|Apr-08-02|| ||Sneaky: When your opponent has a backward pawn, on an open file, you should try to prevent its advance by covering the square it will advance to, and ultimately by blockading it. First Rubinstein blockaded the weak c6 pawn with his bishop, then his knight, and finally his rook, which could not be dislodged. The pawn finally fell and the rest was, as they say, a matter of style. |
|Apr-08-02|| ||The Young Learner: I'd say rook to a7 on move 25... was a waste. black should have better guarded his pawns, and he focused on the worng one. The weak pawn was the c pawn. there was different things he may have done, but I consider playing 25...Bd7
-Andrew Heidemann, age 16 |
|Apr-08-02|| ||Sneaky: Ra7 looked very awkward to me too. But that's the problem with a bad position... you end up making awkward moves to hold everything together.|
I can't see any good alternative to 25. ...Ra7 though, everything I think of loses a pawn one way or another.
This is the problem with the Tarrasch defense. You either end up with an isolated pawn, or if you manage to protect it, you have a backward pawn. Advocates of the defense claim that the isolated d pawn is really a good thing, as it confers a mobility of the pieces in the middle game. All to often though, Black winds up simply a pawn down.
|Jul-09-04|| ||LordPerkinzle: 7. ...cxd4? (Black takes too soon) 10. ...Be7? (Wasting time as Bg5 is not even on White's agenda)
11. Na4! (Makes Black lose a tempo and prepares c5 for the Bishop)
13. ...Bg4? (Easily refuted)
14. f3! (Makes Black lose another tempo while preparing the Rook for Rf2
18. Qd4! (Excellent spot for the Queen as Black no longer has a dark-squared Bishop to chase her away)
19. ...Rec8? (Black continues to waste time, unsure of where to put his pieces)
20. e3! (A two-purpose move. Prepares to bring the Rook to c2 and gaining a discovered attack on the Queen at b5)
24. b4! (Threatening to break open the c file for White's doubled Rooks)
27. Rxc6! (Offering an exchange of Rooks that not only gains a pawn but brings White's Queen to the 7th rank)
38. b7! (There is no way for Black to stop White from Queening withoit losing the Queen: 38. ...Qa7 39. Qd8+ Kh7 40. b8=Q)
|Jul-09-04|| ||themindset: this is an incredibly instructive game. |
|Jul-09-04|| ||tamar: Everyone who plays the Tarrasch has the nightmare of being defeated in this simple fashion. At least it seems simple now. At the time the Tarrasch was thought to be too complex to tame. Rubinstein thought it through completely, the line-up of ,,,& on c5, exchanging off any offensive black piece, and finally crushing resistance with multiple threats to the a and c pawns. |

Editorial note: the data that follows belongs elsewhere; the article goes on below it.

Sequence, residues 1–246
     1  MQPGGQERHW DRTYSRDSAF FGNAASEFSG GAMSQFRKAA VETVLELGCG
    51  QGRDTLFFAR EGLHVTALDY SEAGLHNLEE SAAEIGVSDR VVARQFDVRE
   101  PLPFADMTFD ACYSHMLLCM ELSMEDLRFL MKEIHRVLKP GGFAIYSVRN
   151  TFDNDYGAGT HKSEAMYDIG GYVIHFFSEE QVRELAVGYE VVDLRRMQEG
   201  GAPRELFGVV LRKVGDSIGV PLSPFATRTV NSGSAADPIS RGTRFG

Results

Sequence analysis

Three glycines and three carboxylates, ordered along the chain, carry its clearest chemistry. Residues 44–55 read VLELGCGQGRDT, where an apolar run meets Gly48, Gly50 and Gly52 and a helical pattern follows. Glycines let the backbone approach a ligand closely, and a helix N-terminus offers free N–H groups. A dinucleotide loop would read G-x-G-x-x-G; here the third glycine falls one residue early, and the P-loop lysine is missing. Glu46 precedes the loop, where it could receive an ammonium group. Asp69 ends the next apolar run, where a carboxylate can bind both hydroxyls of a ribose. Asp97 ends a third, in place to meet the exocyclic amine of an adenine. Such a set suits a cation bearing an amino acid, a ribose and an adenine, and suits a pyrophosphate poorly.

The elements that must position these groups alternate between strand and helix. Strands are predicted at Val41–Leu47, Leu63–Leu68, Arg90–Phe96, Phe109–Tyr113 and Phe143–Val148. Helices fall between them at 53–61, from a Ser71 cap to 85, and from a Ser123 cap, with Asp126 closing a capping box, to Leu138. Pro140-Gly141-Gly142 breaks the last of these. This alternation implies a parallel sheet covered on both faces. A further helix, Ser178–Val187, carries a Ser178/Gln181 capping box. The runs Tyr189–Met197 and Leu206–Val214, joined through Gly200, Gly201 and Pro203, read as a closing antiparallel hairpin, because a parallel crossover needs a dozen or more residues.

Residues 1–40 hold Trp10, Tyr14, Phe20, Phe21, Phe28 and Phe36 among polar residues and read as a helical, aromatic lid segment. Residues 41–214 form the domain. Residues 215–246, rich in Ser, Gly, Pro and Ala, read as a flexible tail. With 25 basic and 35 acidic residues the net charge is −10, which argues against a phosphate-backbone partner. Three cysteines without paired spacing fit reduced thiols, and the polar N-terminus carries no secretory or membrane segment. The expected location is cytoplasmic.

|Jul-09-04|| ||Gypsy: This treatment (g3 Bg2) of Tarrash runs under the label Schlechter-Rubinstein. I guess here is the other cornerstone game: Schlechter vs Dus Chotimirsky, 1908 |
|Jul-09-04|| ||Gypsy: The earliest game here with the (g3 Bg2) Tarrash line is Bird vs A Clerc, 1878; and it was nicely handled by Bird, indeed. Vidmar vs Spielmann, 1908 is also one of the early one's. And then there seems to be nearly a dozen of early games with this variation by Marshall. But these guys get no billing--injustice, I tell ya. :-) |
|Jul-09-04|| ||tamar: <Gypsy> Marshall played 6 g3 a lot during this period, and pretty successfully, just judging from a brief Opening Explorer tour I just took.
But he was more likely to get sidetracked into a tactical adventure than Rubinstein or Schlechter.
The worse case scenario is when Black just has no tactics, as in this game, and all his pieces are glued to his weaknesses. |
|Jul-09-04|| ||Gypsy: You said it well <tamar>; this game gives more than the opening moves--it is the strategic paradigm for the whole theme. |
|Apr-02-05|| ||Eric Schiller: This is a good example of how NOT to play the Tarrasch as Black! |
|Jun-23-05|| ||mynameisrandy: Wow, with the notes this game is a <very> instructive example of how to exploit a positional weakness.|
|Nov-30-05|| ||KingG: I think this is one of the most instructive games ever played.|
|Feb-16-07|| ||Octavia: Chernev explains the game in detail in LOGICAL CHESS, pp 124|
|Apr-05-08|| ||Octal: The Chernev explanation gave me a slightly better understanding of Nimzovich's blockade. Blockade your opponents pawn center (with preferably a knight or a bishop), and you opponent will struggle to centralize their pieces and gain space, while you will be constantly be pushing them back, obtaining more space, and make all of your pieces more centralized.|
|Sep-11-08|| ||mjmorri: The Tarrasch was pretty much out of business until Spassky revitalized it during his 1969 match against Petrosian.|
Still, it is difficult to play.
|Nov-10-09|| ||badenbaden: ¡Maravillosa sinfonía posicional!|
|Mar-01-13|| ||WiseWizard: Beautiful positional play, no counter play, a dream game for a positional player.|
|May-29-13|| ||Karpova: Leopold Hoffer: <A perfect model game. After all Salwe made only one weak move; and this was sufficient for Rubinstein to evolve a plan which he consistently pursued right to the end.>|
From page 251 of the 1908 'American Chess Bulletin'
|Nov-11-13|| ||sorrowstealer: I agree, one of the most instructive annotation and game .|
|Dec-16-13|| ||Howard: That "American Chess Bulletin" comment was also printed in Volume 1 of Donaldson and Minev's two-volume work on Rubenstein.|
Chervev's Logical Chess Move by Move does indeed (as mentioned above) analyze this game thoroughly
The former book states that 3-4 of Rubinstein's moves could only have been made by an exceptionally deep strategist. Two of those moves, in fact, are when he played Pf3 followed a few moves later by Rf2. Those two moves look rather amateurish at first glance, but they're not---not by a long shot !